slave-read-only yes
# The slave priority is an integer number published by Kvrocks in the INFO output.
# It is used by Redis Sentinel in order to select a slave to promote into a
# master if the master is no longer working correctly.
#
# A slave with a low priority number is considered better for promotion, so
# for instance if there are three slave with priority 10, 100, 25 Sentinel will
# pick the one with priority 10, that is the lowest.
#
# However a special priority of 0 marks the replica as not able to perform the
# role of master, so a slave with priority of 0 will never be selected by
# Redis Sentinel for promotion.
#
# By default the priority is 100.
slave-priority 100
# TCP listen() backlog.
#
# In high requests-per-second environments you need an high backlog in order
# to avoid slow clients connections issues. Note that the Linux kernel
# will silently truncate it to the value of /proc/sys/net/core/somaxconn so
# make sure to raise both the value of somaxconn and tcp_max_syn_backlog
# in order to Get the desired effect.
tcp-backlog 511
# If the master is an old version, it may have specified replication threads
# that use 'port + 1' as listening port, but in new versions, we don't use
# extra port to implement replication. In order to allow the new replicas to
# copy old masters, you should indicate that the master uses replication port
# or not.
# If yes, that indicates master uses replication port and replicas will connect
# to 'master's listening port + 1' when synchronization.
# If no, that indicates master doesn't use replication port and replicas will
# connect 'master's listening port' when synchronization.
master-use-repl-port no
# Master-Slave replication. Use slaveof to make a kvrocks instance a copy of
# another kvrocks server. A few things to understand ASAP about kvrocks replication.
#
# 1) Kvrocks replication is asynchronous, but you can configure a master to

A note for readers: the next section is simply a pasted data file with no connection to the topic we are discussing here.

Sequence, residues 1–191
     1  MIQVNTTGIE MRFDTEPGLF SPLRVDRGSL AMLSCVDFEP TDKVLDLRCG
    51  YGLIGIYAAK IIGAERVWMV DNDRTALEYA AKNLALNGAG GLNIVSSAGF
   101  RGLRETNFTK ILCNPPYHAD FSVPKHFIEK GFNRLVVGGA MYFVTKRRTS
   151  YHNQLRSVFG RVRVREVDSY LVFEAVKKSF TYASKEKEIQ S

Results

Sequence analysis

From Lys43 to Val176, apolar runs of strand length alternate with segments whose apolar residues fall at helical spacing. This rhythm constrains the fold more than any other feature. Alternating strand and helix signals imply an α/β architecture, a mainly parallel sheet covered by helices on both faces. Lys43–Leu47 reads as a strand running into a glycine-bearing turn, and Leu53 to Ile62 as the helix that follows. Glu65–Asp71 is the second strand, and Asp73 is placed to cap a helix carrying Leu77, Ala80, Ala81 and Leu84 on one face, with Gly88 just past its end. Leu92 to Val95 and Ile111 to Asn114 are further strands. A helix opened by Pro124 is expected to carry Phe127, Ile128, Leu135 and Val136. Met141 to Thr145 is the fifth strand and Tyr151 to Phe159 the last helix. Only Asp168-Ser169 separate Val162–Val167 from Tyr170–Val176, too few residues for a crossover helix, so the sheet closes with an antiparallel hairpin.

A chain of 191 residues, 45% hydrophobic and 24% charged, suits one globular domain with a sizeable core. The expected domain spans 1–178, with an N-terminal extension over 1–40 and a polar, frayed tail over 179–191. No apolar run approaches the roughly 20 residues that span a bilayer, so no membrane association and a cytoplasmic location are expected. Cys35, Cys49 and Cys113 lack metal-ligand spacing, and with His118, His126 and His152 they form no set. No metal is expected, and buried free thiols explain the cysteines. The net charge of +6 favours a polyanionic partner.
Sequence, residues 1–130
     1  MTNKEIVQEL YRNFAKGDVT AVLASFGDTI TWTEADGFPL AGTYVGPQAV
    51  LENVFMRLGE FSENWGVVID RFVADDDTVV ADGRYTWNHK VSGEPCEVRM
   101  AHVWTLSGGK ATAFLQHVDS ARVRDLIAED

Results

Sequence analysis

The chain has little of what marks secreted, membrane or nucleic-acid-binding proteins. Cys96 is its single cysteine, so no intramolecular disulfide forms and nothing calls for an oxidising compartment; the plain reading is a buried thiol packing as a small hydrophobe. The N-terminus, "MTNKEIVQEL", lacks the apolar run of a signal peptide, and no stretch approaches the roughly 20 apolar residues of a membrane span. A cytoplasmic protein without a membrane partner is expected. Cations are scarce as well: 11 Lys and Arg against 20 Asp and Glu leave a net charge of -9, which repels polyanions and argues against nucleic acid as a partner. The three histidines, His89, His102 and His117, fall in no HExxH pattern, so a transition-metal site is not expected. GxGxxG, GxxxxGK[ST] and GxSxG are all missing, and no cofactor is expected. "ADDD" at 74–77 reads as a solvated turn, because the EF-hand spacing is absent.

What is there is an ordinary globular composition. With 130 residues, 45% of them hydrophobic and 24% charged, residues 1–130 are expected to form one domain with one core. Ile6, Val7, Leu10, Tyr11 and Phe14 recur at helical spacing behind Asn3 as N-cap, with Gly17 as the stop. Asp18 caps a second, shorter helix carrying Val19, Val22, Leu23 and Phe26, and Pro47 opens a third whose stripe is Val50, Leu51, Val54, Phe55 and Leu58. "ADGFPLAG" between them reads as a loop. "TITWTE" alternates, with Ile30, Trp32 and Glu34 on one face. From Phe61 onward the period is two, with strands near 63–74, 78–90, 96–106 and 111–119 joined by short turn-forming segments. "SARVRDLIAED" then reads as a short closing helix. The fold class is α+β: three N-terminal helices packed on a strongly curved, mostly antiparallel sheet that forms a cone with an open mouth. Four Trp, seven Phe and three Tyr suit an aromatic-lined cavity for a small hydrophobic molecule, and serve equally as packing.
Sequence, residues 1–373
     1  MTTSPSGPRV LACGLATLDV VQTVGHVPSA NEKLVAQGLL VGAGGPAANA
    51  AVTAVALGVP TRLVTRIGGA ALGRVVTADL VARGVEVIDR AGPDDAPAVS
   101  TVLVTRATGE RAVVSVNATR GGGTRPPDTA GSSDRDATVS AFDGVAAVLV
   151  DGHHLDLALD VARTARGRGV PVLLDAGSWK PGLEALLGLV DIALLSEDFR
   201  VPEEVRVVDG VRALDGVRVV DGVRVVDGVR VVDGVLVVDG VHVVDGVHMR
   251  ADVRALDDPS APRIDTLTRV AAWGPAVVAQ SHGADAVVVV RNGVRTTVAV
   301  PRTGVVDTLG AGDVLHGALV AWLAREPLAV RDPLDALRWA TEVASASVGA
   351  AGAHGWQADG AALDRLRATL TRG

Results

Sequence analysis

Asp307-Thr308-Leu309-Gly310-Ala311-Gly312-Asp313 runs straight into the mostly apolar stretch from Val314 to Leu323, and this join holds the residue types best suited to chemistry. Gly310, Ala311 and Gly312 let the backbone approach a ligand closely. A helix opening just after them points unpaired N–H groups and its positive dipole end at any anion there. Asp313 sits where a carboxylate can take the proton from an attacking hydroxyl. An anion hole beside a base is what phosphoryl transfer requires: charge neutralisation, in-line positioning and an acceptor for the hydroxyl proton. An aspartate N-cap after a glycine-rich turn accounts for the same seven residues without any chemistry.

# stop accepting writes if it appears to be not connected with at least
# a given number of slaves.
# 2) Kvrocks slaves are able to perform a partial resynchronization with the
# master if the replication link is lost for a relatively small amount of
# time. You may want to configure the replication backlog size (see the next
# sections of this file) with a sensible value depending on your needs.
# 3) Replication is automatic and does not need user intervention. After a
# network partition slaves automatically try to reconnect to masters
# and resynchronize with them.
#
# slaveof <masterip> <masterport>
# slaveof 127.0.0.1 6379
# When a slave loses its connection with the master, or when the replication
# is still in progress, the slave can act in two different ways:
#
# 1) if slave-serve-stale-data is set to 'yes' (the default) the slave will
# still reply to client requests, possibly with out of date data, or the
# data set may just be empty if this is the first synchronization.
#
# 2) if slave-serve-stale-data is set to 'no' the slave will reply with
# an error "SYNC with master in progress" to all the kind of commands
# but to INFO and SLAVEOF.
#
slave-serve-stale-data yes
# To guarantee slave's data safe and serve when it is in full synchronization
# state, slave still keep itself data. But this way needs to occupy much disk
# space, so we provide a way to reduce disk occupation, slave will delete itself
# entire database before fetching files from master during full synchronization.
# If you want to enable this way, you can set 'slave-delete-db-before-fullsync'
# to yes, but you must know that database will be lost if master is down during
# full synchronization, unless you have a backup of database.
#
# This option is similar redis replicas RDB diskless load option:
# repl-diskless-load on-empty-db
#
# Default: no
slave-empty-db-before-fullsync no
# If replicas need full synchronization with master, master need to create
# checkpoint for feeding replicas, and replicas also stage a checkpoint of
# the master. If we also keep the backup, it maybe occupy extra disk space.
# You can enable 'purge-backup-on-fullsync' if disk is not sufficient, but
# that may cause remote backup copy failing.
#
# Default: no
purge-backup-on-fullsync no
# The maximum allowed rate (in MB/s) that should be used by Replication.
# If the rate exceeds max-replication-mb, replication will slow down.
# Default: 0 (i.e. no limit)
max-replication-mb 0
# The maximum allowed aggregated write rate of flush and compaction (in MB/s).